BTW: large volume tires (such as 28mm+) have the worst aero and rolling resistence. They are definitely heavier. I tried some clinchers in 28's; between the porky rims and heavy tires they made my bike ride like a farm tractor.
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Old 10-21-19, 02:09 PM
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Originally Posted by Dave Mayer View Post
I got the tires for free. They refuse to die. I've resorted to daily high-speed runs on packed gravel on these 22mm tires. Still won't die.

And what do you me by slowest? Differences between rolling resistance of various tires are trivial compared to aero effects and rotating mass. When you're trying to hang on in a fast group ride on a climb.. your tongue is rubbing on your front tire, and your heart is about to jump out of your chest. You have to stay with the pack, or you'll end up suffering solo for the next 10 miles. In this situation, low bike and especially wheel weight are the overwhelming need. This is where tubulars are the key advantage.

Who cares if your wheels are 10% more aero, as 95% of your riding time will be in the pack - sheltered from the wind.

BTW: large volume tires (such as 28mm+) have the worst aero and rolling resistence. They are definitely heavier. I tried some clinchers in 28's; between the porky rims and heavy tires they made my bike ride like a farm tractor.
Rolling resistance is trivial? Your tires are costing you 40+ watts more than my setup at 25 mph. A TT bike with a trispoke and a disc would barely make up that deficit... Your argument about being in the pack makes rolling resistance even more of an issue.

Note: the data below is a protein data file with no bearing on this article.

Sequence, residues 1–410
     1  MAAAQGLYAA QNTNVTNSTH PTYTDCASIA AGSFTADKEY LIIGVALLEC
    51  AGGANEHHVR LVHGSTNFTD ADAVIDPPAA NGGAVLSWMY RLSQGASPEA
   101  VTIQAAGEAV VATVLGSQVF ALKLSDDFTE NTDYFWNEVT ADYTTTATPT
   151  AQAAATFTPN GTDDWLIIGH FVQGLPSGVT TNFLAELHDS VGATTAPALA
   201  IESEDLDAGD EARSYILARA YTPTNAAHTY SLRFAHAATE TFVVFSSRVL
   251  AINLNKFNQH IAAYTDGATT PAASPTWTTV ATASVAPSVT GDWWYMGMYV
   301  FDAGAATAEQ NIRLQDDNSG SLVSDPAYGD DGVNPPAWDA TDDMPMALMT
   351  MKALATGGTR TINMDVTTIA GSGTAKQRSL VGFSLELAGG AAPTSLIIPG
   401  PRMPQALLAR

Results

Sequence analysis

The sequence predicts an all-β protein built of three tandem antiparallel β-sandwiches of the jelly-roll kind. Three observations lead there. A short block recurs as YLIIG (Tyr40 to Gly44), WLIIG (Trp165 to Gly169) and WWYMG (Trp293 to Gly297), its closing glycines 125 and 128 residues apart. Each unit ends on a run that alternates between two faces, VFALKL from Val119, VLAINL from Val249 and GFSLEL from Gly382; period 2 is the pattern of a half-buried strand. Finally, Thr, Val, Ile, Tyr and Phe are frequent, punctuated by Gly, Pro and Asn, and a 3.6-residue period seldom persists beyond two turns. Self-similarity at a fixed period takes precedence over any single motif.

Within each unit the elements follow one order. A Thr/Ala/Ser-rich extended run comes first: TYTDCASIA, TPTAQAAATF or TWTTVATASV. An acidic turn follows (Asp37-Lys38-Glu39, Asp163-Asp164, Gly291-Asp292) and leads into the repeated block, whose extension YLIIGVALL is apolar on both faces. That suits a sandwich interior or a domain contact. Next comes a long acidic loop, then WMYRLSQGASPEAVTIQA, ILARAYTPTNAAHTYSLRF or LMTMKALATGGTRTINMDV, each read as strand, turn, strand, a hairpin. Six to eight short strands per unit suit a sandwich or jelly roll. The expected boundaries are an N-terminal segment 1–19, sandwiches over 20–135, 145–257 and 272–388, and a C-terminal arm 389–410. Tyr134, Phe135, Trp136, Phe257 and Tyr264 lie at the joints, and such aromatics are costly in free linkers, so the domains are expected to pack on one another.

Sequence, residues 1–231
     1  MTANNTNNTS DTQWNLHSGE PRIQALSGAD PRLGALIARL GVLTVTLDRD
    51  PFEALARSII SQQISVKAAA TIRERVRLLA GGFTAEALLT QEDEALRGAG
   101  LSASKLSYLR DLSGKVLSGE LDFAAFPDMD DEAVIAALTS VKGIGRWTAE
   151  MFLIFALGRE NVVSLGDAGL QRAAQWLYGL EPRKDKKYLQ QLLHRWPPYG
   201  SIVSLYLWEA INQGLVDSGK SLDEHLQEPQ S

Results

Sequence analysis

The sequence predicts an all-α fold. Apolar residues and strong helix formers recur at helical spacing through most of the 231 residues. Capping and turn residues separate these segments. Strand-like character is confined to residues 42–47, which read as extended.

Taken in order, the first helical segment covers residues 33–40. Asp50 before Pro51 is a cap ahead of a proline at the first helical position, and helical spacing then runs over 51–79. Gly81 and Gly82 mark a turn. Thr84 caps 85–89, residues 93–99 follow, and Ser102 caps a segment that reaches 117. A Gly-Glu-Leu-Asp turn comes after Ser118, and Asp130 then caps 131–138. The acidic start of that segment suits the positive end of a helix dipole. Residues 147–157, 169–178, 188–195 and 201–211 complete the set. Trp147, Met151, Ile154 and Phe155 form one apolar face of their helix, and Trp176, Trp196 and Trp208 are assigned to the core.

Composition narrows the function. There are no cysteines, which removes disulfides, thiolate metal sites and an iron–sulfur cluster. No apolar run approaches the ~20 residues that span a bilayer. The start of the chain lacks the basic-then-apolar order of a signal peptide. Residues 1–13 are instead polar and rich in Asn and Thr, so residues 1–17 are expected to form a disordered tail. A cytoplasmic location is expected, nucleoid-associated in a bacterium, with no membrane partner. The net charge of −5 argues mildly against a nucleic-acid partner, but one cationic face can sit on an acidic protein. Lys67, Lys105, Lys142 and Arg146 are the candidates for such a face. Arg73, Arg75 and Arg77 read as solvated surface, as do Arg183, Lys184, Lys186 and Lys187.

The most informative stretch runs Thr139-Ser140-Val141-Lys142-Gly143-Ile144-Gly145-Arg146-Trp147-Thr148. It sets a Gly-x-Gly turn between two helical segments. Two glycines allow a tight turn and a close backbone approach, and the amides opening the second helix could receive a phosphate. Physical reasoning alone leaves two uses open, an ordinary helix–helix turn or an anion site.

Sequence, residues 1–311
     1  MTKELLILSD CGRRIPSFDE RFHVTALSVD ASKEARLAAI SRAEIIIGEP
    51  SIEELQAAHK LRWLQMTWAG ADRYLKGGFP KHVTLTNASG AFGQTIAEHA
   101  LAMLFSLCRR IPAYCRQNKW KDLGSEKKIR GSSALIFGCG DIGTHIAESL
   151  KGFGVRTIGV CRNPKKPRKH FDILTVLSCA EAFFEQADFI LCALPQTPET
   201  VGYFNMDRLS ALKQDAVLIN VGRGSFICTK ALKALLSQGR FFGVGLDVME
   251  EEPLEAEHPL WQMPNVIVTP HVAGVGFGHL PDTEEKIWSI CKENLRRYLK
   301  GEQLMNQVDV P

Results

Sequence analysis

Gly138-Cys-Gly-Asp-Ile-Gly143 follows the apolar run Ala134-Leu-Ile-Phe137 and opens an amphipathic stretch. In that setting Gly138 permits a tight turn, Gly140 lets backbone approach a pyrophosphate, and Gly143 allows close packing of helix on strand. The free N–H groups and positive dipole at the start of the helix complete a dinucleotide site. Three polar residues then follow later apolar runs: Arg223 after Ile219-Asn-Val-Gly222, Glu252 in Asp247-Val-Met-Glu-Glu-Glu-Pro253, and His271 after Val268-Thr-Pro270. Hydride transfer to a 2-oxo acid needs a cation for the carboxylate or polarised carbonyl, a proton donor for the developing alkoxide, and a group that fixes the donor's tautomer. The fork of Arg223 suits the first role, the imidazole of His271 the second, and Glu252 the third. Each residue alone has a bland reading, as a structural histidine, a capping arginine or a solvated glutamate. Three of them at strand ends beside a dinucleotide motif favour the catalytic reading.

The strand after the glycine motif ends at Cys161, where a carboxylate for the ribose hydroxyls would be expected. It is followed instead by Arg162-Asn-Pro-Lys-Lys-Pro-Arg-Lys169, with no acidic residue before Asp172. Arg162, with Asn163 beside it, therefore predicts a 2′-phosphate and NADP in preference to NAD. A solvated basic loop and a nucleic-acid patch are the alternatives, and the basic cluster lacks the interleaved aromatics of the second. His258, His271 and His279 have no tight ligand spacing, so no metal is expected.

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Old 10-21-19, 02:25 PM
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Originally Posted by Cypress View Post
Rolling resistance is trivial? Your tires are costing you 40+ watts more than my setup at 25 mph. A TT bike with a trispoke and a disc would barely make up that deficit... Your argument about being in the pack makes rolling resistance even more of an issue.
??? At 25mph, the hammerhead at the front of the pack is putting out 400 watts. At the back, we're eating little sandwiches and yakking about the movie we saw last night. 100 watts.

The only gaps occur during the climbs, at 10 miles per hour. Low profile carbon tubulars for the win.
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Old 10-21-19, 02:39 PM
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Originally Posted by Dave Mayer View Post
??? At 25mph, the hammerhead at the front of the pack is putting out 400 watts. At the back, we're eating little sandwiches and yakking about the movie we saw last night. 100 watts.

The only gaps occur during the climbs, at 10 miles per hour. Low profile carbon tubulars for the win.
400W to go 25mph? 100 watts at the back of the pack? Gaps forming at 10 mph on a ride where dudes are putting out 400W on the flats?

It doesn't sound like you have the experience or knowledge to be discussing this topic...